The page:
There are many lifestyle changes that can significantly reduce your risk of developing coronary artery disease and having a heart attack. When assessing your risk, it is important to understand that there are factors you can control, and others you can’t.

Factors You Cannot Control

Age

The older you are, the higher your risk for coronary artery disease and heart attack. Approximately 82 percent of people who die from coronary artery disease are 65 or older.

Gender

Men have an increased risk of heart disease compared to women, though it is the number one killer in the U.S. for both men and women.

Family History

Your risk for heart disease is greater if your father or brother was diagnosed with heart disease before age 55 or if your mother or sister was diagnosed before age 65.

Race/Ethnicity

African Americans, Mexican Americans, American Indians and native Hawaiians have a higher risk of heart disease and heart attack.

Factors You Can Control

Smoking

Smoking is the most common cause of preventable death and disease in the United States, and it significantly raises your risk for cardiovascular disease and heart attack. Smokers are twice as likely to suffer a heart attack as nonsmokers.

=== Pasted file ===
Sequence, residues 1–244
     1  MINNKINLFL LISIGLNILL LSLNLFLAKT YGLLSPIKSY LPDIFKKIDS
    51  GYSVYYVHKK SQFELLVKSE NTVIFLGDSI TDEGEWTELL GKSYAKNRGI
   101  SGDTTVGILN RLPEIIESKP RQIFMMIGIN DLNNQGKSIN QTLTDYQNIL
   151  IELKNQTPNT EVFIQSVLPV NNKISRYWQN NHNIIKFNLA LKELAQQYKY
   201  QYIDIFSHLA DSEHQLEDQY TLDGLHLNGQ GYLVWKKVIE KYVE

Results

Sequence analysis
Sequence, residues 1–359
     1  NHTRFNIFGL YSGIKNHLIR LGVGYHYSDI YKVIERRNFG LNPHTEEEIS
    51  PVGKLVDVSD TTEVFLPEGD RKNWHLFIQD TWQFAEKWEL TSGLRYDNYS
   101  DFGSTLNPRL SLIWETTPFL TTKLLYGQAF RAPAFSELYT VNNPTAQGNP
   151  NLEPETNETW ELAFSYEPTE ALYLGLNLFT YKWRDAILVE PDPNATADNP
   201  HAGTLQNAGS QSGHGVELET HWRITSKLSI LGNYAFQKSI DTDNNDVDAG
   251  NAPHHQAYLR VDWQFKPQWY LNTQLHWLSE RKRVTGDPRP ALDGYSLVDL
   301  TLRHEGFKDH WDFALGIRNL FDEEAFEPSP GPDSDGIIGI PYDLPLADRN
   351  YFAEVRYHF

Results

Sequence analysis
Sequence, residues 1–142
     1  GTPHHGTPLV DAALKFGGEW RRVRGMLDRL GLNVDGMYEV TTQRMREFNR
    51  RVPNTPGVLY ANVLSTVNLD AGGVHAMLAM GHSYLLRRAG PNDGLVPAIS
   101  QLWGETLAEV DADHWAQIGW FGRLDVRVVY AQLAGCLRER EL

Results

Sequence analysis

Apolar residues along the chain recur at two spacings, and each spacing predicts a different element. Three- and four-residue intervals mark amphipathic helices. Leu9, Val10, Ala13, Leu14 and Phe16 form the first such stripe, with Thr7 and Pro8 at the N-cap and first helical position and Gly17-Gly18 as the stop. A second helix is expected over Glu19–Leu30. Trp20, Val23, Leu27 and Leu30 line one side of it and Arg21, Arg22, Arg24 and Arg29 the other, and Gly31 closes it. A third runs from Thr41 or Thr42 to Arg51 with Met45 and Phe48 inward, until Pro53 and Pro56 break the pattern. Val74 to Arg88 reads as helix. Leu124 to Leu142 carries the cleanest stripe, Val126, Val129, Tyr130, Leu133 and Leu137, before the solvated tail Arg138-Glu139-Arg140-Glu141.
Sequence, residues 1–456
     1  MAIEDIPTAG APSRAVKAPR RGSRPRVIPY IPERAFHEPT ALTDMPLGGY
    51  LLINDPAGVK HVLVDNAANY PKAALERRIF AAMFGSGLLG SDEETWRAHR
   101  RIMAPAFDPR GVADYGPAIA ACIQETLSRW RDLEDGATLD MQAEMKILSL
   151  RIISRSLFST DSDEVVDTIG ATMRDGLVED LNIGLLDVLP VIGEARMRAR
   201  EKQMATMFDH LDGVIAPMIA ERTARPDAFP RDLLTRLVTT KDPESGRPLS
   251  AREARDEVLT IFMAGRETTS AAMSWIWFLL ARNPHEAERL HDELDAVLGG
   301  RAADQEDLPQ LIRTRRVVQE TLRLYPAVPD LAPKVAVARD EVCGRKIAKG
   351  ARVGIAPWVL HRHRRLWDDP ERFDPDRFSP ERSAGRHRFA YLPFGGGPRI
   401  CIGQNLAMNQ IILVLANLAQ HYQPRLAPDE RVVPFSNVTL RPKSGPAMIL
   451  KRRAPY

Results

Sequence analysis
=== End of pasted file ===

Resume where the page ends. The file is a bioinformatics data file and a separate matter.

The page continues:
Cholesterol

High levels of LDL (bad) cholesterol in the blood contribute to the buildup of plaque in the arteries, which can lead to a heart attack. While cholesterol levels are impacted by heredity, gender, and age, you can take steps to improve your cholesterol levels through diet, exercise, or medication.

High Blood Pressure

High blood pressure (hypertension) means the heart must work harder to push blood through the vessels. This extra strain puts you at an increased risk for a heart attack, as well as heart failure, stroke, and kidney disease. Certain medications and healthy lifestyle habits can help lower your blood pressure—including exercise, nutrition, and maintaining a healthy weight.

Overweight or Obese

It’s a simple notion; the more you weigh, the harder your heart has to work to pump blood through the body. Research has shown that being overweight or obese significantly raises your risk for heart disease and heart attack. In addition, excess weight contributes to other heart attack risk factors, including cholesterol levels, high blood pressure, and diabetes.

Diabetes

Diabetes increases the risk of coronary artery disease, even when blood sugar levels are under control. According to the American Heart Association, 65 percent of people with diabetes die of heart or blood vessel diseases.

Other Contributing Risk Factors

Alcohol use, stress and poor nutrition are other risk factors that have shown to increase your risk of heart disease, though not as significantly as the major risk factors identified above.